Sayers, M., "Road Characterization for the Simulation of Automotive Vehicle Dynamics," SAE Int. J. Mater. Manuf. 4(1):251-262, 2011, doi:10.4271/2011-01-0185.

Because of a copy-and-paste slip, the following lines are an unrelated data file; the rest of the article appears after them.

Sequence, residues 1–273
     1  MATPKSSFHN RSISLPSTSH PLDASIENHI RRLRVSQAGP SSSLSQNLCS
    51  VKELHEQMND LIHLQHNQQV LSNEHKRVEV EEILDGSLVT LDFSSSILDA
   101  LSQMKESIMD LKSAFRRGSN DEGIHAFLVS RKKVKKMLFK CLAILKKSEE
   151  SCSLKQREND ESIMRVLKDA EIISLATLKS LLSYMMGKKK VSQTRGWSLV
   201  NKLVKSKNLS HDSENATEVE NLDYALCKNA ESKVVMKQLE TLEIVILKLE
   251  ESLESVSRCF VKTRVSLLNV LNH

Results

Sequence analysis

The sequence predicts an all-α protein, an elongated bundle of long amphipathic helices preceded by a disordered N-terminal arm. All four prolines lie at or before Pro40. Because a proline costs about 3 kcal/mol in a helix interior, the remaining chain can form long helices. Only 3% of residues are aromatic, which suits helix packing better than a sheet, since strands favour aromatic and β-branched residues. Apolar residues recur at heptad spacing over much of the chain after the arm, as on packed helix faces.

The major actions that move a highway vehicle are the forces and moments generated between the tire and ground; hence, the validity of a simulated vehicle test depends on the quality of both the tire model and the characterization of the ground surface. Other actions come from aerodynamic forces and moments that are affected by the relation of the vehicle body to the ground surface. This paper describes how the ground can be characterized to cover features of interest for most vehicle simulation scenarios involving pavements or other rigid surfaces. The 3D surface is built from tabular data related to specified properties of a road surface such as horizontal geometry, design elevation changes related to curves and drainage (i.e., banking of turns, cross-slope, ditches, etc.), elevation changes due to hills and other major grades, and disturbances and unique features such as bumps and holes. Broadband random-type road roughness is also included. The road model is intended to work with data from many sources, including GPS measurements, design data, road roughness profile measurements, 3D laser-scanned terrain topology, and specific scenarios created by engineers. A road axis system is defined for describing vehicle motions relative to an inclined road surface for aerodynamics and applications where engineers are concerned with motions of the vehicle relative to the ground surface. The methods described in this paper are demonstrated using the commercial CarSim® vehicle dynamics simulation package.